CARPE DIEM: The Public Service and the Minority Government - Institute on Governance

CARPE DIEM: The Public Service and the Minority Government

3 minute read

By Toby Fyfe, President, Institute on Governance

“The public service needs to be asking itself some serious questions to make sure that in the 21st Century world of significant social and economic upheaval, disruption and division, the public sector of the future is up to the task of serving the Canadian public.”

There is no shortage of analysis, conjecture and punditry assessing the outcome of the federal election and the challenges the Prime Minister will face forming and running a minority government.

What should the public service do in this situation?

Minority governments can accomplish great things. This one will have to: as the Prime Minister noted, Canadians expect action from all our politicians on key social and economic issues. They will not accept the political difficulties of a minority government as an excuse for failure.

From a governance perspective, the challenge can be articulated this way: citizens remain cynical about the ability of government – of all governments – to deliver, but nonetheless expect action. If this minority government does not succeed in meeting those expectations, trust in the ability of the public sector to accomplish things will continue to fall, with possible long-term implications for democratic stability.

This should matter to the public service. It is also an opportunity for it.

In the business-as-usual category, the public service will be working hard to ensure a smooth transition, editing materials and informing new ministers on their portfolios.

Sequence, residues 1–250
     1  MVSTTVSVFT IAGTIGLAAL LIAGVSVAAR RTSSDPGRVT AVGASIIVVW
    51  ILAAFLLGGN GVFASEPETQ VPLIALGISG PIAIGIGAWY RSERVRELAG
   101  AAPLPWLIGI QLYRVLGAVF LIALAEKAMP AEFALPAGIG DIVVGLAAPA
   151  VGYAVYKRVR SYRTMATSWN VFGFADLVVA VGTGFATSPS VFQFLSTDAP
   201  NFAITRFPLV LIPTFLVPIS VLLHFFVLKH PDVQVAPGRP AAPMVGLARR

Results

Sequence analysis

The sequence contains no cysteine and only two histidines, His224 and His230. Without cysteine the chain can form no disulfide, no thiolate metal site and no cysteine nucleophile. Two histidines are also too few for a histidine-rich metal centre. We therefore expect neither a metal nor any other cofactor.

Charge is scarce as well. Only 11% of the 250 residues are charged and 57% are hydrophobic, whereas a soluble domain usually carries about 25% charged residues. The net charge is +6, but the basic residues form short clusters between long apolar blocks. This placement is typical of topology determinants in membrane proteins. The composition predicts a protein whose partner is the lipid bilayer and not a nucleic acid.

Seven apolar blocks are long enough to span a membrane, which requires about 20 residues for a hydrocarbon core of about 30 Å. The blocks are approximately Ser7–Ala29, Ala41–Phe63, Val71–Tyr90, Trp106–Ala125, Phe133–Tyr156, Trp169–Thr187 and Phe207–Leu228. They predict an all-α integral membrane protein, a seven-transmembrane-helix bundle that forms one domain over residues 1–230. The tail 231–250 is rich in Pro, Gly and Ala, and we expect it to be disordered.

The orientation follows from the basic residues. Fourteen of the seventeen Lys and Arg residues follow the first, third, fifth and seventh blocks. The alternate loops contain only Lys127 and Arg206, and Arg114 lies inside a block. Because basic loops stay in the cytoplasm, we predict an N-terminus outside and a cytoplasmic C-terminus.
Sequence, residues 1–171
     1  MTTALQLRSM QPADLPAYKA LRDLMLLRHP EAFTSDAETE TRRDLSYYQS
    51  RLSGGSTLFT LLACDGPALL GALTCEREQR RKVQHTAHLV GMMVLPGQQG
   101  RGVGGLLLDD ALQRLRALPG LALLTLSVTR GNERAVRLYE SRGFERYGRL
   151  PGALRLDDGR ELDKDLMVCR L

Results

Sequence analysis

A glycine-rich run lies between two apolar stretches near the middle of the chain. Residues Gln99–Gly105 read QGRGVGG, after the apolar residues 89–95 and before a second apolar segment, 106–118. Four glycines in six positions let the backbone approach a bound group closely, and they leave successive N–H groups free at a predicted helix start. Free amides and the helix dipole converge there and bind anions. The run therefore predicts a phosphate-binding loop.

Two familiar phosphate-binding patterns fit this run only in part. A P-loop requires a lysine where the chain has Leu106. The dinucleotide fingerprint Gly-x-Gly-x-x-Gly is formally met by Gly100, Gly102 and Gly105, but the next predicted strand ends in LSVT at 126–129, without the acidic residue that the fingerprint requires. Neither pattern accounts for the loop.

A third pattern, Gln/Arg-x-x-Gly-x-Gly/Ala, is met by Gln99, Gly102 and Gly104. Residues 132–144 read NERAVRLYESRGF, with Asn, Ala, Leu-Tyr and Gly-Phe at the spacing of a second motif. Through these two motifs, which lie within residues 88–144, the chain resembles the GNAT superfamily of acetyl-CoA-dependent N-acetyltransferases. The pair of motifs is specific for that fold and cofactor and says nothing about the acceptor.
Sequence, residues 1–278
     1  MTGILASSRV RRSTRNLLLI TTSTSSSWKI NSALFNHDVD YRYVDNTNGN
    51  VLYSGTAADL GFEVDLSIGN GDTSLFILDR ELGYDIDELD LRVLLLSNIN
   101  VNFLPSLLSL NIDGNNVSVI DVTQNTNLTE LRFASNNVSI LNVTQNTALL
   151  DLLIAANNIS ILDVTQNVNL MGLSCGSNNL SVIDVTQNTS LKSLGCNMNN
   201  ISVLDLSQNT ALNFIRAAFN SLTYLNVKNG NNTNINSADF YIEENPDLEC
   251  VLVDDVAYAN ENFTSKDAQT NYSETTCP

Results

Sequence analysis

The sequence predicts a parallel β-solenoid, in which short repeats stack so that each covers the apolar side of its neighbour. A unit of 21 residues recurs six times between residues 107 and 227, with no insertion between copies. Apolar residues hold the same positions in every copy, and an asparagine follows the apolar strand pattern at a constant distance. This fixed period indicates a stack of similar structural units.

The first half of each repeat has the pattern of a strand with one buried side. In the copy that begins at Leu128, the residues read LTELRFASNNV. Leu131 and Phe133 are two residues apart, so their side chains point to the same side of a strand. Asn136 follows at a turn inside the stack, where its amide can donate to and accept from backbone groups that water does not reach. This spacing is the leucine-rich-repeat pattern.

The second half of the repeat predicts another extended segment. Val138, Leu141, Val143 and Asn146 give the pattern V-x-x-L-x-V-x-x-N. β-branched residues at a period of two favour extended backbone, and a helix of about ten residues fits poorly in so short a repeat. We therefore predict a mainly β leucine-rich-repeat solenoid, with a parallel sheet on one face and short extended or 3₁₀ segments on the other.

It should do more.

In the medium term, whether the issue is climate change, pipelines, federal-provincial relations, the Arctic, reconciliation or countless other divisive yet critical issues, the public service should take a leadership role in developing new, inventive, innovative, out-of-the-box options to help the new government find the common ground necessary for moving forward in this divisive and changing environment.

In the long-term, the public service needs to prepare a robust reform initiative to save its own relevance. This is more than about being better and faster. It is about asking some fundamental questions such as: what is the public policy role of a 21stcentury public service? How should risk be defined in and by a 21stcentury public service? How will a 21stcentury public service convince Canadians and politicians that it matters?

In short, the public service needs to be asking itself some serious questions to make sure that in the 21stcentury world of significant social and economic upheaval, disruption and division, the public sector of the future is up to the task of serving the Canadian public.

The then-Clerk of the Privy Council bragged in his 26thAnnual Report of March 2019 that “Canada’s federal public servants have been working hard to support their ministers in addressing…important shifts.” The challenge for the public service is to make sure it can continue to do so.

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